It seems like talk of “practices” is popular again. People and groups both inside and outside the church are re-discovering that our faith is not just about beliefs or intellectual affirmation but about a way of life, a way of living, that connects us to one another and to God. These are not in and of themselves “salvific.” In other words, practices for practices sake, for getting our own spiritual fix, are not transformative, are not converting. But if we engage them with the purpose of connecting with and being transformed by God, then we are living their purpose in our lives.
We have been blessed in our time here to have an opportunity to be grounded, rooted, and founded in the practices of life together. We have committed to creating spaces to explore vocation as a community, to ask self-awakening questions, to reflect theologically on ourselves and our community, and to envisioning and enacting the next faithful steps. These are deep and important commitments that we have made, commitments that if kept can change the face of the communities of faith that we are leading and will lead.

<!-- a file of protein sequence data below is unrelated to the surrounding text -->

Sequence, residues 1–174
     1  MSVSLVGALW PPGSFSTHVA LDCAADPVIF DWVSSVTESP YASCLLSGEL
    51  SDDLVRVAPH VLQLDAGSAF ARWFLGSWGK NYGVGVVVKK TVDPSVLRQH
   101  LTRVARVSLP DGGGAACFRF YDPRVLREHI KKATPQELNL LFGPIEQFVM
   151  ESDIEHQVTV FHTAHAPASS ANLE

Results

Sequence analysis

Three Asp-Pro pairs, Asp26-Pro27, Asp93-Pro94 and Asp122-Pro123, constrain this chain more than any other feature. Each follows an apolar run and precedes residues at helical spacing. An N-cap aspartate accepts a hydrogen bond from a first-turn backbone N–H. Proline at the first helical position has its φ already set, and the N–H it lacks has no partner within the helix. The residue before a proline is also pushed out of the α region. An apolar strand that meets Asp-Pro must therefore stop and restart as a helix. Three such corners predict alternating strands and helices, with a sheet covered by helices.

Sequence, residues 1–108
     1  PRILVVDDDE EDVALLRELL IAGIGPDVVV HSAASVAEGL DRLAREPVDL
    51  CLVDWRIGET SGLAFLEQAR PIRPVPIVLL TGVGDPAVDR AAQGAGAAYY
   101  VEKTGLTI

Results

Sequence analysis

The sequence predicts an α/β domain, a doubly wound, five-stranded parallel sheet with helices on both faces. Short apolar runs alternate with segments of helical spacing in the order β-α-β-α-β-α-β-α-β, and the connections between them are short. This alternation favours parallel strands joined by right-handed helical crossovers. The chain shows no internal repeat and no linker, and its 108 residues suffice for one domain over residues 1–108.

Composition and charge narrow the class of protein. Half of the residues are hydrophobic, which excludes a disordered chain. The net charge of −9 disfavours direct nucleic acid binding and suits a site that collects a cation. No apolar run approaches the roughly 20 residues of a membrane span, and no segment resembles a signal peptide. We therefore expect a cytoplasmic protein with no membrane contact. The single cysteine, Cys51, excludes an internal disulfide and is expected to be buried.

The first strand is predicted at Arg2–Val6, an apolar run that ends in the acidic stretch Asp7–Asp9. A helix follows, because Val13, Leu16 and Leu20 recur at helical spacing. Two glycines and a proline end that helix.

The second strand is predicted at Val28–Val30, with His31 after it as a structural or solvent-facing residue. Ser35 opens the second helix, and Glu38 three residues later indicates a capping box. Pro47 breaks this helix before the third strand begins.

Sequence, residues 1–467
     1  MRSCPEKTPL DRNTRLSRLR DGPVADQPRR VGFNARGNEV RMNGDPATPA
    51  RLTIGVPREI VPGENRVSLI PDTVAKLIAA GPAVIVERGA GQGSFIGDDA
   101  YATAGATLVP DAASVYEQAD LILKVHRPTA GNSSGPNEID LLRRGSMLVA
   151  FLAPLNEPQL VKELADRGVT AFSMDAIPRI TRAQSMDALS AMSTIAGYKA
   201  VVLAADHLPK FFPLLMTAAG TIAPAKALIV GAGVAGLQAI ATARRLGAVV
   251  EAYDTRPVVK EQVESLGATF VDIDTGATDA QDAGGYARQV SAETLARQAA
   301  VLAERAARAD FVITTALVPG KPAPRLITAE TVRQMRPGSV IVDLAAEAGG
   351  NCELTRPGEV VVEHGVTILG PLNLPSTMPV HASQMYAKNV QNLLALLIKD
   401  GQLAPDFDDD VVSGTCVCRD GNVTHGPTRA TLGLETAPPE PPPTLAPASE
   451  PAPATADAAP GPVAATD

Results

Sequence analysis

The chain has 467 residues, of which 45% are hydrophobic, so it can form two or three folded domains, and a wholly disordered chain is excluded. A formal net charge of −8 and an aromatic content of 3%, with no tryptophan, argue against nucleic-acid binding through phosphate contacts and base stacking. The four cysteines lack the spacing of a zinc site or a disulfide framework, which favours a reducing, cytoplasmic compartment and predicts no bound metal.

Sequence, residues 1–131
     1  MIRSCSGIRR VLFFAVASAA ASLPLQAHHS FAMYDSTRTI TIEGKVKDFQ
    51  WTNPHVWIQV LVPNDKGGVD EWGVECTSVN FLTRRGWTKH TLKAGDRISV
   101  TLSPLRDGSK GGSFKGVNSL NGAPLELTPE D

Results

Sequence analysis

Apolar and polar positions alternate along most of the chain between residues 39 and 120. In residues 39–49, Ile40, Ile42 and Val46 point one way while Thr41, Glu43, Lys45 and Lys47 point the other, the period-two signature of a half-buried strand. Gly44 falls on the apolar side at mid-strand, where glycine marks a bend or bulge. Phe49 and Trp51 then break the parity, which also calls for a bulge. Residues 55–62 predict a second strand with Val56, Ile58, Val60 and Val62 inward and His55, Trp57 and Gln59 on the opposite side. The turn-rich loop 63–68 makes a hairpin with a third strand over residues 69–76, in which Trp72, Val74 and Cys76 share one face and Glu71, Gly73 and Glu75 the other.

To embody these practices means to engage them to such an extent that they become part of who we are. They no longer serve as checklists in our life together, or requirements for faithful conversation, or program for a new way forward. Instead we become the space makers for faithful listening, intentional speaking, growing self-awareness, and passionate makers of the destiny that God is unfolding for ourselves, our congregations, and the community around us.
Embodying requires us to live actively. We can no longer make excuses, skirt responsibility, or blame other. We must become active participants of our own baptismal call to be about God’s kingdom in the world. To be “called” is to acknowledge that the divine is still creating, renewing, and transforming. To “practice” is to try again and again, no matter how many times we think we have failed.
As we have gathered in this city we have been forced to embody what we proclaim. We have entered with care into a space that groans with new life. We have been able to hear stories, to ask the questions, and to reflect on how our story, relates to the story of this city, and to God’s call for the renewal of all that is broken, all that misses the mark, all that necessitates renewal.
I pray that we carry this way of living and believing when we go from this place. Let’s embody, let us not fear, let us proceed boldly into the enacting of God’s kingdom through the people called the church.
Originally appeared in the Fund for Theological Education “Next Narrative” Blog.